Apostolic Constitution: 'Anglicanorum Coetibus'
'The Ordinariate has the faculty to celebrate the Holy Eucharist and the other Sacraments, the Liturgy of the Hours and other liturgical celebrations according to the liturgical books proper to the Anglican tradition'.
'Without excluding liturgical celebrations according to the Roman Rite, the Ordinariate has the faculty to celebrate the Holy Eucharist and the other Sacraments, the Liturgy of the Hours and other liturgical celebrations according to the liturgical books proper to the Anglican tradition, which have been approved by the Holy See, so as to maintain the liturgical, spiritual and pastoral traditions of the Anglican Communion within the Catholic Church, as a precious gift nourishing the faith of the members of the Ordinariate and as a treasure to be shared.'
"In recent times the Holy Spirit has moved groups of Anglicans to petition repeatedly and insistently to be received into full Catholic communion individually as well as corporately. The Apostolic See has responded favorably to such petitions. Indeed, the successor of Peter, mandated by the Lord Jesus to guarantee the unity of the episcopate and to preside over and safeguard the universal communion of all the Churches,1 could not fail to make available the means necessary to bring this holy desire to realization.
The Church, a people gathered into the unity of the Father, the Son and the Holy Spirit,2 was instituted by our Lord Jesus Christ, as "a sacrament – a sign and instrument, that is, of communion with God and of unity among all people."3 Every division among the baptized in Jesus Christ wounds that which the Church is and that for which the Church exists; in fact, "such division openly contradicts the will of Christ, scandalizes the world, and damages that most holy cause, the preaching the Gospel to every creature."4 Precisely for this reason, before shedding his blood for the salvation of the world, the Lord Jesus prayed to the Father for the unity of his disciples.5
It is the Holy Spirit, the principle of unity, which establishes the Church as a communion.6 He is the principle of the unity of the faithful in the teaching of the Apostles, in the breaking of the bread and in prayer.7 The Church, however, analogous to the mystery of the Incarnate Word, is not only an invisible spiritual communion, but is also visible;8 in fact, "the society structured with hierarchical organs and the Mystical Body of Christ, the visible society and the spiritual community, the earthly Church and the Church endowed with heavenly riches, are not to be thought of as two realities. On the contrary, they form one complex reality formed from a two-fold element, human and divine."9 The communion of the baptized in the teaching of the Apostles and in the breaking of the eucharistic bread is visibly manifested in the bonds of the profession of the faith in its entirety, of the celebration of all of the sacraments instituted by Christ, and of the governance of the College of Bishops united with its head, the Roman Pontiff.10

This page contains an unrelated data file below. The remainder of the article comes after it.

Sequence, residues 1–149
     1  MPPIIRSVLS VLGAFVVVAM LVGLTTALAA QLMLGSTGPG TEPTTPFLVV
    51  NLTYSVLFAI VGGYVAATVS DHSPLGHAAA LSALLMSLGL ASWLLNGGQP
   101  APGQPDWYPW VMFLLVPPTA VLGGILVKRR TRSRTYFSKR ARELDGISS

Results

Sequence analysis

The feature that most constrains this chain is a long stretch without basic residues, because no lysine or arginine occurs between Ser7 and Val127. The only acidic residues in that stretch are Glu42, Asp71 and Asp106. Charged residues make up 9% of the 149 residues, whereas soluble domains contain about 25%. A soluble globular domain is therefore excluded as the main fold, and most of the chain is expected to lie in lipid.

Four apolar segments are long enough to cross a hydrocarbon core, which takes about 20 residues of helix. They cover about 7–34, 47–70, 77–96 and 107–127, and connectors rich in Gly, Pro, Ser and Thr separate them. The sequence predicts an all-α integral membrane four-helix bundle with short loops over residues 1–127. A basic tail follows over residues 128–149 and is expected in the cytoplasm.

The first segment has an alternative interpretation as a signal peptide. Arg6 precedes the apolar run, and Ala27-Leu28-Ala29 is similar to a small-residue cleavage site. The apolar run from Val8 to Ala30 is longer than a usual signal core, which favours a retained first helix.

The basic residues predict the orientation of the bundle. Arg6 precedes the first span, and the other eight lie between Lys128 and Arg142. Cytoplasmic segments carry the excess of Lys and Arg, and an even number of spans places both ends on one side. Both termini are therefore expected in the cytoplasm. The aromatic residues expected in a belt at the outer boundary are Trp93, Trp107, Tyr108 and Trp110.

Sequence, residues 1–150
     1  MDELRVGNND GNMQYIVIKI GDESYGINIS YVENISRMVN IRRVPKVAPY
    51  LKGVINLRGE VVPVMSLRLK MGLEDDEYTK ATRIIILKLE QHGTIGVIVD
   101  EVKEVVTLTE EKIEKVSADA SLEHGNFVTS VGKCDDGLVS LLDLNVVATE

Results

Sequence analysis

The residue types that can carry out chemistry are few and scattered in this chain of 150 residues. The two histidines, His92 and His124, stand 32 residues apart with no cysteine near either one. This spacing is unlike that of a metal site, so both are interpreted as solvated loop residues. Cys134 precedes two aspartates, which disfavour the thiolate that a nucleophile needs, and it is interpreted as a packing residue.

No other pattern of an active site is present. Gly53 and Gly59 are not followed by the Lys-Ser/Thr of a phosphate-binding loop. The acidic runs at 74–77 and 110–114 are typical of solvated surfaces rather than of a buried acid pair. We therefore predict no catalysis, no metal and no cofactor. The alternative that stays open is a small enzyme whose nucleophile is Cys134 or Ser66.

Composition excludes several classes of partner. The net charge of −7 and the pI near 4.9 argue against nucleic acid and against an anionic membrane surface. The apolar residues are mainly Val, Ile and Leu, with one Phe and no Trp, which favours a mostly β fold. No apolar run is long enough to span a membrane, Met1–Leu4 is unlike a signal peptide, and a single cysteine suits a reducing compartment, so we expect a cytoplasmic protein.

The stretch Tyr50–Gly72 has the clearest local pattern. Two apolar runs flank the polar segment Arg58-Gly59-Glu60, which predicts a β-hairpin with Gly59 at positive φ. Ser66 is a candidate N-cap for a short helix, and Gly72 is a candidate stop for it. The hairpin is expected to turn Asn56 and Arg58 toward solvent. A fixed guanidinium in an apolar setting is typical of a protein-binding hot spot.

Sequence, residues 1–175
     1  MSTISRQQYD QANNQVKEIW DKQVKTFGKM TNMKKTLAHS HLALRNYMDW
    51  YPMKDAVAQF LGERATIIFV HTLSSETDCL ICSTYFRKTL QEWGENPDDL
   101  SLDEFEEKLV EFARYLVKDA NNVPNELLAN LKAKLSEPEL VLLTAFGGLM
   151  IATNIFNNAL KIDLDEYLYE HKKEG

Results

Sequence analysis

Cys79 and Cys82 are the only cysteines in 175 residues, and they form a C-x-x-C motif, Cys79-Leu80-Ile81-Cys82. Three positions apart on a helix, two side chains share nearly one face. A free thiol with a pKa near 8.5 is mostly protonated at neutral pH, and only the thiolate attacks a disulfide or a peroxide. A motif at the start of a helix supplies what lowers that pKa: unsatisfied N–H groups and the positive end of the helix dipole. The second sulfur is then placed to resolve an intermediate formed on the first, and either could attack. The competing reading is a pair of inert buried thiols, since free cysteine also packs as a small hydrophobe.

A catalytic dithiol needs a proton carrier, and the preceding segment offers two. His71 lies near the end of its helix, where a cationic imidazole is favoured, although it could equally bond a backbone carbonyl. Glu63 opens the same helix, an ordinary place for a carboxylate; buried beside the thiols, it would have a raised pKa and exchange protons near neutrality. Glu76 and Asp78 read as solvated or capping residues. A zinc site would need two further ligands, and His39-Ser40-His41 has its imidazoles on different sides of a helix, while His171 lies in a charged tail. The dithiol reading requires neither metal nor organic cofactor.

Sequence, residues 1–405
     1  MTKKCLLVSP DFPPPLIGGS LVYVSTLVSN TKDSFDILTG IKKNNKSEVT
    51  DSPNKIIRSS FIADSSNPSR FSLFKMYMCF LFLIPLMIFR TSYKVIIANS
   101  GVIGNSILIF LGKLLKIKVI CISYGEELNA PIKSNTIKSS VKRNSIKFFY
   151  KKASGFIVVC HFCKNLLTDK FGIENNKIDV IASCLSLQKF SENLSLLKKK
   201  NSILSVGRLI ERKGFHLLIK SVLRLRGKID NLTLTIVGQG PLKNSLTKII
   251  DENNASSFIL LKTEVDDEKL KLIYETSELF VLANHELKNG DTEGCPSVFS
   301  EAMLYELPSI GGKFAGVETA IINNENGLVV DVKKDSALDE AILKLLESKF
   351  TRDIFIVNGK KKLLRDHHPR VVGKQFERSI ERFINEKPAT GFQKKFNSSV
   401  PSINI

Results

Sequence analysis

This single Church of Christ, which we profess in the Creed as one, holy, catholic and apostolic "subsists in the Catholic Church, which is governed by the successor of Peter and by the Bishops in communion with him.
Nevertheless, many elements of sanctification and of truth are found outside her visible confines. Since these are gifts properly belonging to the Church of Christ, they are forces impelling towards Catholic unity."11
In the light of these ecclesiological principles, this Apostolic Constitution provides the general normative structure for regulating the institution and life of Personal Ordinariates for those Anglican faithful who desire to enter into the full communion of the Catholic Church in a corporate manner. This Constitution is completed by Complementary Norms issued by the Apostolic See.
I. §1 Personal Ordinariates for Anglicans entering into full communion with the Catholic Church are erected by the Congregation for the Doctrine of the Faith within the confines of the territorial boundaries of a particular Conference of Bishops in consultation with that same Conference.
§2 Within the territory of a particular Conference of Bishops, one or more Ordinariates may be erected as needed.
§3 Each Ordinariate possesses public juridic personality by the law itself (ipso iure); it is juridically comparable to a diocese.12
§4 The Ordinariate is composed of lay faithful, clerics and members of Institutes of Consecrated Life and Societies of Apostolic Life, originally belonging to the Anglican Communion and now in full communion with the Catholic Church, or those who receive the Sacraments of Initiation within the jurisdiction of the Ordinariate.
§5 The Catechism of the Catholic Church is the authoritative expression of the Catholic faith professed by members of the Ordinariate.
II. The Personal Ordinariate is governed according to the norms of universal law and the present Apostolic Constitution and is subject to the Congregation for the Doctrine of the Faith, and the other Dicasteries of the Roman Curia in accordance with their competencies. It is also governed by the Complementary Norms as well as any other specific Norms given for each Ordinariate.
III. Without excluding liturgical celebrations according to the Roman Rite, the Ordinariate has the faculty to celebrate the Holy Eucharist and the other Sacraments, the Liturgy of the Hours and other liturgical celebrations according to the liturgical books proper to the ...
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